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Photo: Menahem Kahana/AFP via Getty Images

Prime Minister Benjamin Netanyahu said Tuesday at a ceremony for the new director of Israel's Mossad spy agency that Israel must prevent Iran from acquiring a nuclear weapon even at the cost of tensions with the Biden administration.

Why it matters: The U.S. is holding indirect talks with Iran on a mutual return to compliance with the 2015 nuclear deal. Netanyahu, who may be in his final days as prime minister, is a fierce critic of the deal and contends a U.S. return would take the pressure off the Iranian regime.

Between the lines: Netanyahu has amped up his rhetoric on Iran in recent days, since a ceasefire was reached with Hamas and his rivals moved toward an alternative government that could oust him within a week.

What he's saying: “An Iranian nuclear bomb is a threat for the continuation of the Zionist project and we must fight it relentlessly. If we have to choose between friction with our great friend the U.S. and the elimination of this existential threat, the elimination of the threat will come first," Netanyahu said.

  • He stressed that he told President Biden Israel would continue its efforts to prevent Iran from obtaining the bomb with or without a nuclear deal. “Containment is not an option," Netanyahu said.

The other side: Israeli Defense Minister Benny Gantz attacked Netanyahu for his remarks and claimed he was damaging Israel’s relations with the Biden administration.

  • “The Biden administration is a true friend of Israel and Israel will have no better partner than the U.S. and if there are differences they will be solved in direct talks in closed rooms and not through defiant rhetoric that could harm Israel’s security," Gantz said.

What’s next: Gantz is planning to visit Washington later this week and will meet Secretary of Defense Lloyd Austin on Thursday, Israeli officials say.

  • The talks are expected to focus on emergency U.S. military aid to replenish Israel's Iron Dome aerial defense system and supply the Israeli Air Force with new munitions.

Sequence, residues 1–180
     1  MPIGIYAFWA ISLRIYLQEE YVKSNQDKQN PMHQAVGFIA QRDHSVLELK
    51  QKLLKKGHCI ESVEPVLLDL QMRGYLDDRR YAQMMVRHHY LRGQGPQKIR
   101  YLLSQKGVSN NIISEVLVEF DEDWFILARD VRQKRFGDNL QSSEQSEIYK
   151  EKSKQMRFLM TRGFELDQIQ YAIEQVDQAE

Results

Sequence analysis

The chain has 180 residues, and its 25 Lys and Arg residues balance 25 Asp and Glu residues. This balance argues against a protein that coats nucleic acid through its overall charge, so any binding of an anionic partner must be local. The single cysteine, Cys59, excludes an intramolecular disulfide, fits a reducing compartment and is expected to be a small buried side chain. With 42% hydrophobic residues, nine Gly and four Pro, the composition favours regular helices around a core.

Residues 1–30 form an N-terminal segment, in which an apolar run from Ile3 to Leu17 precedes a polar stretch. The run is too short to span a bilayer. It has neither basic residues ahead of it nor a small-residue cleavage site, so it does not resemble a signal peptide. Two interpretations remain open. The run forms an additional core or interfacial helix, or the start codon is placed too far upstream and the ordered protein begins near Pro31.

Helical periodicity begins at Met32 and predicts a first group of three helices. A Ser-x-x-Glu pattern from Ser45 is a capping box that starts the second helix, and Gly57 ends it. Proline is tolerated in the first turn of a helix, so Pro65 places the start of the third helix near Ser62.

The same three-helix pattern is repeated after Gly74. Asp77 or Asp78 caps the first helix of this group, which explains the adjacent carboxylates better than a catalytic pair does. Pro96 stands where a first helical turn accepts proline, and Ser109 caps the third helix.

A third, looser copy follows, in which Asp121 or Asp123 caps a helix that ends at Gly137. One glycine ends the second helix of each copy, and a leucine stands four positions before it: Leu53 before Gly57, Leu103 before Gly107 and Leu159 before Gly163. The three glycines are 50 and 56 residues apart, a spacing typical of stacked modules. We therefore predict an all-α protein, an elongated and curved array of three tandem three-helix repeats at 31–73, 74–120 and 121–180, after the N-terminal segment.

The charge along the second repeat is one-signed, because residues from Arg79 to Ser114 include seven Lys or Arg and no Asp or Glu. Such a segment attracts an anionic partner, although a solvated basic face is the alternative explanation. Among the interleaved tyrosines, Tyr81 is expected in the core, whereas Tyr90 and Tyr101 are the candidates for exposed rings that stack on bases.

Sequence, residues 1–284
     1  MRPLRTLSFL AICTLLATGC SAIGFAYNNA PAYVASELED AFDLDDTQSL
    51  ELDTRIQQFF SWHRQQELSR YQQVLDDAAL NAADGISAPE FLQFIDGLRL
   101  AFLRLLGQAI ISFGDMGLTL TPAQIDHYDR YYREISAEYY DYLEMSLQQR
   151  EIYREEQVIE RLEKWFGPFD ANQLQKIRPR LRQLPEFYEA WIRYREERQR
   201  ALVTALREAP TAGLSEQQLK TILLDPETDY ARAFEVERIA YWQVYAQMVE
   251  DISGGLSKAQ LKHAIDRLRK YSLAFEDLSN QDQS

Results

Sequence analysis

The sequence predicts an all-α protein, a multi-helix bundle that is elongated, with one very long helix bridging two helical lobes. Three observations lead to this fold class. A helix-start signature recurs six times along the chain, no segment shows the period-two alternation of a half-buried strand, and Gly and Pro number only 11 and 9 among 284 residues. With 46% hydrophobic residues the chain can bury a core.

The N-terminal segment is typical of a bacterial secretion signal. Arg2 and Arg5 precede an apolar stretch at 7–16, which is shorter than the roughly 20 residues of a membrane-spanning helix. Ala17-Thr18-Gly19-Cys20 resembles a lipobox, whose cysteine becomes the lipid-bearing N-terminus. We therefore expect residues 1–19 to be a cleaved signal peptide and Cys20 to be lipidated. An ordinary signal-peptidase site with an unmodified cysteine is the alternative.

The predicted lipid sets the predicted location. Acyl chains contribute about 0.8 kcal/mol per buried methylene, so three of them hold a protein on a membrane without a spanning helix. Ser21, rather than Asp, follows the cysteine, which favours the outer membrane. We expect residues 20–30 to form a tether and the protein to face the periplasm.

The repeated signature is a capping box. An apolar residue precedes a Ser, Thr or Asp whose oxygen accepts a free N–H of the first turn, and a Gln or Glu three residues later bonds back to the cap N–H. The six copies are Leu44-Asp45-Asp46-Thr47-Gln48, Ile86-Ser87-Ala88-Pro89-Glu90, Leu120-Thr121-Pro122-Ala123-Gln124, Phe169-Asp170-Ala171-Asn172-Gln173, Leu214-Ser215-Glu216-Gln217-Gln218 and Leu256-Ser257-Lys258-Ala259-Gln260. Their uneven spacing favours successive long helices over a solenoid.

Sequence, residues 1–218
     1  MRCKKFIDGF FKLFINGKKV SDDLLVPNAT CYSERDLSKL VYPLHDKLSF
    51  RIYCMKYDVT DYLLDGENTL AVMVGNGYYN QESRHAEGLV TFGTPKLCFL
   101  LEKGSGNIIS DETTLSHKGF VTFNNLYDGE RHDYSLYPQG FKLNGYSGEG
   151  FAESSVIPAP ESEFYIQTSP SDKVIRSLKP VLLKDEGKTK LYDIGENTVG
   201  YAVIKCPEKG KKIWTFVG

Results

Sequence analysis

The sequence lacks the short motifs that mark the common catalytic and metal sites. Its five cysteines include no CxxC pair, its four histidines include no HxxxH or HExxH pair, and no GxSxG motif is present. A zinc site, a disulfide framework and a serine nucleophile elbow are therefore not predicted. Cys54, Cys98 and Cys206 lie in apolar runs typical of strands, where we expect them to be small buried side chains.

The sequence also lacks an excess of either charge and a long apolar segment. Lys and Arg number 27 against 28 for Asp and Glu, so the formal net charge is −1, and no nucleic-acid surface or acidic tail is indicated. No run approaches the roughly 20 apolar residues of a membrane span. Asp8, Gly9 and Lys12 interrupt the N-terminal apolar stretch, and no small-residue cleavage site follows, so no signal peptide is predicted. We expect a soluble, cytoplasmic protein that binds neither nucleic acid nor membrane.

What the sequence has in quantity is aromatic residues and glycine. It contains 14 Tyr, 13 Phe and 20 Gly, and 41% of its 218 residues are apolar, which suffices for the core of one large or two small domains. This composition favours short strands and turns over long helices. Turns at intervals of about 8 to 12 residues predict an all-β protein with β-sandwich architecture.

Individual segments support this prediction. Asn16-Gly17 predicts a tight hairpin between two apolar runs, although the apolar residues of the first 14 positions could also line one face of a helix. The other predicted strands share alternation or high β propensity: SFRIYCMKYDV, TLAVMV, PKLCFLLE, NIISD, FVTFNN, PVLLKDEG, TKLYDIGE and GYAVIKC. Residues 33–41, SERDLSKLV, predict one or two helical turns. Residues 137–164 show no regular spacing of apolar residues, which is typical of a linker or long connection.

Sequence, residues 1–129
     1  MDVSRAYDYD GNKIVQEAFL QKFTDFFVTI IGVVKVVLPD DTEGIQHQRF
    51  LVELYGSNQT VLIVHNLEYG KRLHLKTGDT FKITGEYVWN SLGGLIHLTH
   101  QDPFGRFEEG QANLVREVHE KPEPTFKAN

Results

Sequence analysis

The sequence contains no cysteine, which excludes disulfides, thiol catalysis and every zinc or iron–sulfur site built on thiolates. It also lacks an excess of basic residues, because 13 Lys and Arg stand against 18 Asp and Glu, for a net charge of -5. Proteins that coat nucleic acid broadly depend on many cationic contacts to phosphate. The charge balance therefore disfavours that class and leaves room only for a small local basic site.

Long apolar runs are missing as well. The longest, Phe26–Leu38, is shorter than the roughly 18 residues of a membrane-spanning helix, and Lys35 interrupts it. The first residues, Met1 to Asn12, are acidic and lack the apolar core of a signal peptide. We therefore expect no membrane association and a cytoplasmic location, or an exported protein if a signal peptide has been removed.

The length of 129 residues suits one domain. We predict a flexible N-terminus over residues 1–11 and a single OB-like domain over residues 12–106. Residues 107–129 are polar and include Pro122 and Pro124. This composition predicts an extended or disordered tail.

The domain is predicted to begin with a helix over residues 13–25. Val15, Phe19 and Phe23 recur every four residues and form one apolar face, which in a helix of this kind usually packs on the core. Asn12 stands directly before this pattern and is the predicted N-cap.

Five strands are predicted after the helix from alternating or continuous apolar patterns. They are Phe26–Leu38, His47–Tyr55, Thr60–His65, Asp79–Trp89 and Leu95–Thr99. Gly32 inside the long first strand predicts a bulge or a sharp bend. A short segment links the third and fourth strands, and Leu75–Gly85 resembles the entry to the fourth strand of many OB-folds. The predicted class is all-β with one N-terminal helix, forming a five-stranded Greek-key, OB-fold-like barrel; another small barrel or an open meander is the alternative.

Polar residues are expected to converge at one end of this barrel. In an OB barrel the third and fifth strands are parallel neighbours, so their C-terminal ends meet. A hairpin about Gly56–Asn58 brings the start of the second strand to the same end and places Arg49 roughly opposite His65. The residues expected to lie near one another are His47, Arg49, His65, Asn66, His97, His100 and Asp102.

• Several Democratic senators and members of Congress have raised concerns about additional arms sales to Israel after the fighting in Gaza.

Go deeper

May 31, 2021 - World

IAEA says Iran has failed to explain uranium traces found at several sites

The flag of Iran is seen in front of the International Atomic Energy Agency (IAEA) Headquarters in Vienna. Photo: Michael Gruber/Getty Images

The United Nations’ atomic watchdog said Monday that Iran has failed to explain the presence of "traces of uranium found at several undeclared sites," Reuters reported.

The big picture: The International Atomic Energy Agency also said that it has not been able to access data necessary for tracking the development of Iran's nuclear program since the end of February, when Tehran began restricting international inspections at its facilities, per AP.

May 30, 2021 - World

Bennett tells party members he is headed for a "change government" that will oust Netanyahu

Naftali Bennett (left) and Benjamin Netanyahu. Photos: GALI TIBBON/AFP via Getty Images; ALEXANDER ZEMLIANICHENKO/AFP via Getty Images

The leader of Israel's right wing Yamina party, Naftali Bennett, told members of his party at a meeting Sunday he's moving forward with joining opposition leader Yair Lapid to form a power sharing government that would oust Prime Minister Benjamin Netanyahu.

Why it matters: A new "change government" would make Bennett prime minister and bring an end to 12 years of Benjamin Netanyahu's rule. The development could end the political crisis that has led to four elections in two years.

May 30, 2021 - World

Israeli right wing leader announces plan to oust Netanyahu with "change government"

Yamina party leader Naftali Bennett. Photo: GALI TIBBON/AFP via Getty Images

The leader of Israel's right wing Yamina party, Naftali Bennett, said in a speech Sunday he'll do everything in his power to form a unity government with opposition leader Yair Lapid “to get the country back on the right track."

Why it matters: A new "change government" could end the political crisis that has led to four elections in Israel in two years. It would make Bennett prime minister, bringing an end to 12 years of Benjamin Netanyahu's rule.